But it’s almost done, and damn if that isn’t the best feeling in the world.

Post-Vacation Vibes

Gosh, it’s been a while.  Life has been insane lately.  Between my regular day job and teaching yoga, I haven’t been home much.  I’ve been subbing here and there, and I had the Harry Potter yoga workshop, which went over phenomenally, and then it was off for vacation.  I think I’ve mentioned Erin a few times, but as a proper introduction on this blog, she is my muse.  Both in the mythical sense and in a very literal sense.  Whenever I need help with something, I call upon her.  Whenever I’m in a slump or procrastinating, she always seems to know that she needs to give me a nudge.  I’ve always worked better around people, which seems odd to me since I don’t particularly like being around people all that much.  As an introvert, I love my alone time.  I love to sit in my room on a Friday night with six candles lit, a mug of tea and a cat nearby, and read, either in silence or with instrumental music.

Wow, okay, so that just described exactly what I’m doing tonight.

The thing is, whenever something big is happening in a novel, or whenever I need to create something specifically, I gravitate toward people.  Recently, I needed to create an altar for the Pen boys, so I carried all of my white and blue crystals into Jen’s room, burned some palo santo, and drew cards while she read on her bed.  We didn’t talk–we didn’t have to.  I just needed that other creative soul to light a fire inside my ribs.

Erin is a strange, wild creature.  She has many titles–witch sister, anam cara, Fencehopper, little queen–and something magical always happens when we’re together.  It happens when we’re apart, too, but much more noticeably when we’re physically sitting next to one another.  The words won’t stop.  I’ve talked about how the Pen boys came to be–on a drive to and from New York after wandering the seaside.  A lot of my fanfictions happened because she said one thing while sitting on my bed in college.  This week, we discussed two things, though one of them excites me far more than the other.  The first, a Marauders fic, is something we’ve both wanted me to write for a long time.  I’d really love to write it, too, but the second thing was about Mason, and gosh, for the first time in a while, I am so eager to get back to him.

It’s not that I haven’t been writing him because I have been thinking about him, but I’ve also been avoiding him.  There is a lot of anger and hurt wrapped up in those words, and the Pen boys were a way for me to escape that.  Now, though, I’m starting to see what he could be, where the potential in his story lies.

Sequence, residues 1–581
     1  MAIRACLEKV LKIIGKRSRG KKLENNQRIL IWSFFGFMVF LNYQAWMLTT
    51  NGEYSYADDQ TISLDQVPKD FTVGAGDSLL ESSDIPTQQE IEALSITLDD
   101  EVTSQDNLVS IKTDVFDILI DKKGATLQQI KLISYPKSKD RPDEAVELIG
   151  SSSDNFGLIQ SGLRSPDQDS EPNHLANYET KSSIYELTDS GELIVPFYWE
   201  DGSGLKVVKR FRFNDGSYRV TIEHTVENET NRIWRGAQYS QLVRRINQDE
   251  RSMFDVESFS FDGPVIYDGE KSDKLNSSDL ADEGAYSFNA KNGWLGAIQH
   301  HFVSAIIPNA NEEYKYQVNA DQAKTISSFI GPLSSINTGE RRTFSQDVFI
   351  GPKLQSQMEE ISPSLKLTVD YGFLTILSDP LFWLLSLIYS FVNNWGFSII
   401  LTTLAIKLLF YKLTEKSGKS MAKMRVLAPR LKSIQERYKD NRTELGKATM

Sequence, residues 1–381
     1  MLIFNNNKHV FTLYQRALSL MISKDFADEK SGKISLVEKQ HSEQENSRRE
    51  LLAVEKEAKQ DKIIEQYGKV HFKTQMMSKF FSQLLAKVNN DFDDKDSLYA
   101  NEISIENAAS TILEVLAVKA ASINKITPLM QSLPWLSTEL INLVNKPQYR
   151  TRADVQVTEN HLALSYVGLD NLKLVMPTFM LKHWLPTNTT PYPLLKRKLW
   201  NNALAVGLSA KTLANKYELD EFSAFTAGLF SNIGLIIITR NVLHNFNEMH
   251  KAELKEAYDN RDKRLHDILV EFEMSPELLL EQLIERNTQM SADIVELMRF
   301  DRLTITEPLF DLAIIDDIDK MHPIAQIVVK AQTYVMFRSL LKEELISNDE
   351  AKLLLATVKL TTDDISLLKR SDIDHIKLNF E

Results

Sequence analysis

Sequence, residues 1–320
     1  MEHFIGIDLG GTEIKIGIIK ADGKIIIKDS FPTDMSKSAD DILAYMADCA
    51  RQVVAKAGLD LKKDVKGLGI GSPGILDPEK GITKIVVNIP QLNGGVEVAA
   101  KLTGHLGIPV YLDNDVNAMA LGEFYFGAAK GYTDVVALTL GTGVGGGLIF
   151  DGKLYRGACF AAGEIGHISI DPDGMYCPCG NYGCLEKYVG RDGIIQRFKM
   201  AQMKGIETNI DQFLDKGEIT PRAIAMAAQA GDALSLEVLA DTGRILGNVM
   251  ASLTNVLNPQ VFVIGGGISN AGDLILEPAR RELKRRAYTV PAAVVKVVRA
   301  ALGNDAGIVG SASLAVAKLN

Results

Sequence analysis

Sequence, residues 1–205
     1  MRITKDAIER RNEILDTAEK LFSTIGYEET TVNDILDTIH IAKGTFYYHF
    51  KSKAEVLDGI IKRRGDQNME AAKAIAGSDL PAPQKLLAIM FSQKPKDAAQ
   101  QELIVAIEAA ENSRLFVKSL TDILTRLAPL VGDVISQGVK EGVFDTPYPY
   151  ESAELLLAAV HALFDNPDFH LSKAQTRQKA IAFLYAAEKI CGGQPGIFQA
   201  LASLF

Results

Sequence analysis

Back when this blog was private, there were a couple weeks where I was helplessly confused about the scope of his story.  Was it four, three, two, or one?  Three originally, a trilogy of his story.  Four next, one for each elemental.  Two, then, because three was too much.  And finally, one.

I’m pretty sure I was wrong all along.  Mason might be endless.  Mason might be my DragonLance.  (For reference: there are 17 novels by the original authors.)  No one is surprised when I say that all this started in Salem.  Of course it did.  Jolie Tea was where Madhouse was born.  We started the day at Jolie, wandered through witch shops (goodness, I love Coven’s Cottage so much, thank you for existing), had lunch in Life Alive (also inspiration for Madhouse), and ended our day in Pyramid Books (which is what Olive’s shop is based off of).  I couldn’t stop thinking about him, couldn’t stop talking about him.  I kept telling Erin that I missed Madhouse, that I wanted to go back, and I never wanted to leave.  Madhouse calls to me.  Sometimes, it’s not even Mason or Lukas or Dhaval or Olive.  Sometimes, it’s just the teashop.  There’s so much there to explore.  And then, it just came out, “Is there any way I can stay there for more than one book?”  Immediately, Erin said, “Absolutely.  All the adventures.”

The Madhouse Adventures

Or something of that ilk.  A series of separate adventures based around the same characters, exploring the life of the teashop and its inhabitants.  Oh, yes.  This means so much more than it sounds like.  This means I can start the story earlier, show the very first time Mason looked at that abandoned building and thought, yes, this is perfect, show Dhaval’s bewildered expression as he asked, uh, are you sure?  I can show the fire that nearly burned down the shop Olive took over, that Mason may or may not have started.  I can show before, during, and after the addiction.  I can show more of Lukas, Miriam, and Leila; more, even, of Dhaval, Rajani, Nila, and Amar.  I can show Mason hiring all of the pixies, goblins, gnomes, and dryads that work at Madhouse, show how he first met Vayu, the couple that owned the bookstore, his early relationship with the twins and Akash, and just–all of it.  There’s so much there to play with, and I think, finally, that I can.

I know already that I won’t be rewriting the Pen boys entirely.  I’ll edit what I have already.  The bones are really, really good, and there’s a lot that I can keep.  This is true about Mason, too, but there’s something to be said for the darkness lingering in it.  Mason, true to his character, needs to burn up and be rewritten again.  And he will.